|dc.description.abstract||One of the major problems in drilling operations occur during tripping out of the well. Inside the well there are often restrictions making it difficult or impossible to pull out the drill string including its bottom hole assembly, especially in extended reach wells. The consequences of not recognizing the problem in time could be a deformed drill string, or worse, a severed drill string. By understanding the causes of the problems it becomes easier to deal with them. The focus in the present work was on the initial hook load peak showing up during tripping operations in horizontal wells. The major part of the work was put into the building of a custom designed laboratory environment that simulated tripping operations. The work was based on previous work on the subject. The hook load was measured by tension meters and recorded with a custom designed program created in a computer software; LabView. The hook load was also modelled mathematically to be able to compare theoretical results with the laboratory results as well as with field data.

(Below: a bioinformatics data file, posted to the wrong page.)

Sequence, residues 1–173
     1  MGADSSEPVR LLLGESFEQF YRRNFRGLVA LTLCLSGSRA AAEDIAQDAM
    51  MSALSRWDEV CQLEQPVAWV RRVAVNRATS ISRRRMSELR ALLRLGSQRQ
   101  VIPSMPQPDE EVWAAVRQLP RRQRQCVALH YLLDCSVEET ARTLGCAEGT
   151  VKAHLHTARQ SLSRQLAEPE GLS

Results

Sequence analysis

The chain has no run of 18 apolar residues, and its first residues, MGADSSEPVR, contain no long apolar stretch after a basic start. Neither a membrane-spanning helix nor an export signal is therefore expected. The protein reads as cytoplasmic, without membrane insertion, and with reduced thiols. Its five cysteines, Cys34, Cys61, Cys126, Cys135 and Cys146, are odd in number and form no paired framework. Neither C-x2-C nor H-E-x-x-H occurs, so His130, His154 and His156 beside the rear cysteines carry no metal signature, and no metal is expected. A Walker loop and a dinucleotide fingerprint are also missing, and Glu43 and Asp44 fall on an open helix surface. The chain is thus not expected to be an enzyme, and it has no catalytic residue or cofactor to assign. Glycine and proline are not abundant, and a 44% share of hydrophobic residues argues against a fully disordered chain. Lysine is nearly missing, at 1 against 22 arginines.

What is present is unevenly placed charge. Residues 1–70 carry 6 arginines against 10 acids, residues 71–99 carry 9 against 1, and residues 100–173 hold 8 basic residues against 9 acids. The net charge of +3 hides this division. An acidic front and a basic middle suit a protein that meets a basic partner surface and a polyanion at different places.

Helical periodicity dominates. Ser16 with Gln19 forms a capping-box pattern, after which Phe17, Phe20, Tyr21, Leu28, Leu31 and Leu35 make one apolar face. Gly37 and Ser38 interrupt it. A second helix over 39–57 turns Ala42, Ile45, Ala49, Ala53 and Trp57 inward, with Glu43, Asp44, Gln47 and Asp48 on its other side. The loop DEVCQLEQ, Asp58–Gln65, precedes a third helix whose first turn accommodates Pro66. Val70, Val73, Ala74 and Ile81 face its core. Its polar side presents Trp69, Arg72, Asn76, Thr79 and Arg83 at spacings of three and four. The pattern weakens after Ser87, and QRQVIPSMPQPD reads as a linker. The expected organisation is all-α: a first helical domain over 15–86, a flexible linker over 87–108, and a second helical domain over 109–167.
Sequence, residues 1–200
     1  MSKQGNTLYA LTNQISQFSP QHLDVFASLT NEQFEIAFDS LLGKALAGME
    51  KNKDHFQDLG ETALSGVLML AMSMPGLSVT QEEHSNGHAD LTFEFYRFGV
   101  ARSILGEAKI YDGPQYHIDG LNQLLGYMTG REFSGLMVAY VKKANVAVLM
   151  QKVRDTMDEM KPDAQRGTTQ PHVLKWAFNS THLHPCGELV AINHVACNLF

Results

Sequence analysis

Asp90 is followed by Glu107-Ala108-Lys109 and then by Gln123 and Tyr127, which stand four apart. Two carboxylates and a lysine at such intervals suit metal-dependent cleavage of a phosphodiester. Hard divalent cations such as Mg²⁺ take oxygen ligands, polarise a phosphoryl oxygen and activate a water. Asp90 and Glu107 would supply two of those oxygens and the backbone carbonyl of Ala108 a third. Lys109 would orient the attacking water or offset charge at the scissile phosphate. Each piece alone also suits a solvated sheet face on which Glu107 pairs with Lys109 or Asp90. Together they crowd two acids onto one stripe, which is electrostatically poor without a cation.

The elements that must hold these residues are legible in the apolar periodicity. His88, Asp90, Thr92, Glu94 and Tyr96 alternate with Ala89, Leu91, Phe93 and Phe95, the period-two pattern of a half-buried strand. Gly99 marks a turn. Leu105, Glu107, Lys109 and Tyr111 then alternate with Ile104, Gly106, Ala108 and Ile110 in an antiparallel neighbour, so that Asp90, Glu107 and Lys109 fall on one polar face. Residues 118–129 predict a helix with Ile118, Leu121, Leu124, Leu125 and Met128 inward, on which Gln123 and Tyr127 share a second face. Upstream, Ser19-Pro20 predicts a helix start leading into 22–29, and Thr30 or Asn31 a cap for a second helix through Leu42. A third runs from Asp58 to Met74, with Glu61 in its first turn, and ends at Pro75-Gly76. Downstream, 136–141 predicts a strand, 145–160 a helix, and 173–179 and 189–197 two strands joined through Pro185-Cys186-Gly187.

The experiments were performed with variables like drill string elasticity, velocity and wellbore wall surface. The laboratory design was also created for future development to better understand the hook load during tripping operations.
The model lacked initial elastic condition data, which made it impossible to properly simulate the laboratory tripping operation. The final custom designed program (LabView) produced results from the experimental runs that were much like the acquired field data.||